Apollo and Daphne, then, ravishes in both senses of the word. Every detail is meant to seduce and enthrall. Yet this is the story of a near (or foiled) rape. From Ovid’s pagan to Bernini’s Catholic era, social and legal attitudes toward the assault and violation of women were complex, convoluted and (to put it lightly) problematic. And Western art, of course, is full of depictions of rape. Yes, in many such works – Poussin’s Rape of the Sabine Women, for example – ‘rape’ meant something more like ‘abduction’. But as an art historian friend points out, a baroque viewer might not have been perusing all of those naked and terrified women for mere aesthetic enlightenment. Bernini’s portrayal of the impending assault in Apollo and Daphne upsets us – no one likes to see such anguish. And more troubling still, he makes the tableau neither ugly nor vile but sensuous. To be sure, Ovid’s telling of the myth had its own amores and is full of predator and prey imagery meant to get the blood racing. And other artists of the Baroque era sexualized the subject. But Bernini seems to push the eroticism to new limits: Daphne’s whole body arched like a bow, Apollo’s arm around her waist, the two figures about to intertwine. The sculptor’s moral judgment feels unnervingly ambiguous, while his passions have been given free reign. Maybe Apollo and Daphne truly is at its base, or basest, a rape fantasy seen through the eyes of a very horny man.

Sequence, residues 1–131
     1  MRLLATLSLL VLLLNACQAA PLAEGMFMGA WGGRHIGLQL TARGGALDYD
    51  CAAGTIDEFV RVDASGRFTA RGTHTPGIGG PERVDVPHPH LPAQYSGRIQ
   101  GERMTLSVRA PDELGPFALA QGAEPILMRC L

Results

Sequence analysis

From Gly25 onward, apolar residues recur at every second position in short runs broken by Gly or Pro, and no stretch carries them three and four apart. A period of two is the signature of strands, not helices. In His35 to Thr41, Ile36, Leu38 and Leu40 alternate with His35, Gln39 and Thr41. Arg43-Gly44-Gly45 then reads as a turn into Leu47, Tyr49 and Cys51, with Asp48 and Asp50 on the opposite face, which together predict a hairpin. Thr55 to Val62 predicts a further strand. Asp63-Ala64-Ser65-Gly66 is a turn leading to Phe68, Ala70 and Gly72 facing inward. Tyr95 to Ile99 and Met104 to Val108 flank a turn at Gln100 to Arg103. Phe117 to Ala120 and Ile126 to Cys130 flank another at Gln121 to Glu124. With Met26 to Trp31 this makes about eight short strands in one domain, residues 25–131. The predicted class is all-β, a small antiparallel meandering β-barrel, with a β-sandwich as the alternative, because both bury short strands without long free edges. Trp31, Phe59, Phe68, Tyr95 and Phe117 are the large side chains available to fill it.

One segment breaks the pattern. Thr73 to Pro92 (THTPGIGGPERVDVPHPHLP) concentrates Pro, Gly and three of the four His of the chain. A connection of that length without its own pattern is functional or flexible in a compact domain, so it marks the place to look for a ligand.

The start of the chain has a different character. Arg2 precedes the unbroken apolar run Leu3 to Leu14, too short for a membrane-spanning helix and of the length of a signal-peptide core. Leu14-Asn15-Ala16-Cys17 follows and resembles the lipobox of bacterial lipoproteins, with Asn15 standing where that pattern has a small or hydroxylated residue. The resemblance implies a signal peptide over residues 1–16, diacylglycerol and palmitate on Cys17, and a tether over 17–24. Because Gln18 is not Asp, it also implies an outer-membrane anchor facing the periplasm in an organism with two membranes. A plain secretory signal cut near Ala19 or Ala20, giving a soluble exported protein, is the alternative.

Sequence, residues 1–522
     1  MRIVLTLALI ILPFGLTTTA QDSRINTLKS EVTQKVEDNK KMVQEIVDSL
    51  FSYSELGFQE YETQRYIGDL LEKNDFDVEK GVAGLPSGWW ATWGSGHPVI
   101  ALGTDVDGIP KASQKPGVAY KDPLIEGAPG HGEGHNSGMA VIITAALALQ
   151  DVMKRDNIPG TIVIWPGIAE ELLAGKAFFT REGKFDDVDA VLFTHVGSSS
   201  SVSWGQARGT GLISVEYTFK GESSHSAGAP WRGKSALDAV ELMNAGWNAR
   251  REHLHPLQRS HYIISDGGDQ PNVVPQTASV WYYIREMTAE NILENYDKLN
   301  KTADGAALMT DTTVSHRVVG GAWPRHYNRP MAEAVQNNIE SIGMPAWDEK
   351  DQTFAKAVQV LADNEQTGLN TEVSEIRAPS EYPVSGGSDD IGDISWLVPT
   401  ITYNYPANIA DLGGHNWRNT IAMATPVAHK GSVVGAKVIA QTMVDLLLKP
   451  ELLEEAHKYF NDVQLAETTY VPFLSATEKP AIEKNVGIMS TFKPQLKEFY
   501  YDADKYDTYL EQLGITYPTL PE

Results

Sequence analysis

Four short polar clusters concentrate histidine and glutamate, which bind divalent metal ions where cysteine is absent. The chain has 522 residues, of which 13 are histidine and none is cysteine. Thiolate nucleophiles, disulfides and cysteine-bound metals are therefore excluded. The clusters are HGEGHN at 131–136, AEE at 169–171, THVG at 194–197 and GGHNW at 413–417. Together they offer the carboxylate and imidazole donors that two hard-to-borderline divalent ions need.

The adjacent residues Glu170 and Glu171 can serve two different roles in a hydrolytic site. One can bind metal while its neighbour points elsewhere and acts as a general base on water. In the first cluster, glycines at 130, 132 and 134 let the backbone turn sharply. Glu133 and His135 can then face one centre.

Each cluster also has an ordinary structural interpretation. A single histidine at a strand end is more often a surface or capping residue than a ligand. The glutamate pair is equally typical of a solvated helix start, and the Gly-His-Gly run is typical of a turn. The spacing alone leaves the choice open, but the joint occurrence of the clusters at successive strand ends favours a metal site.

Or perhaps it’s more accurate to say that Bernini turns all of the emotional dials – not just libidinousness – all the way up, all at the same time. Maybe it was the collision and confusion of the nymph’s revulsion, astonishment, terror and ecstasy that compelled him. In Ovid, the tale bounces back and forth between Apollo’s and Daphne’s vantages but lands with Apollo as he stands in admiration of the tree that, in the end, offers up its leaves for his crown (the myth explains why Roman generals wore laurel wreathes during victory parades). Many Renaissance and baroque poets and painters almost entirely privileged the perspective of the god of medicine and music. But Bernini, for all of his lasciviousness, fairly radically shifts the emphasis of the story: open-mouthed Apollo truly is the secondary figure in the group. We’re asked to gaze upon Daphne, yes, but that expression on her face – and the obliterating tumult of feeling it expresses – can’t help but involve us in her plight.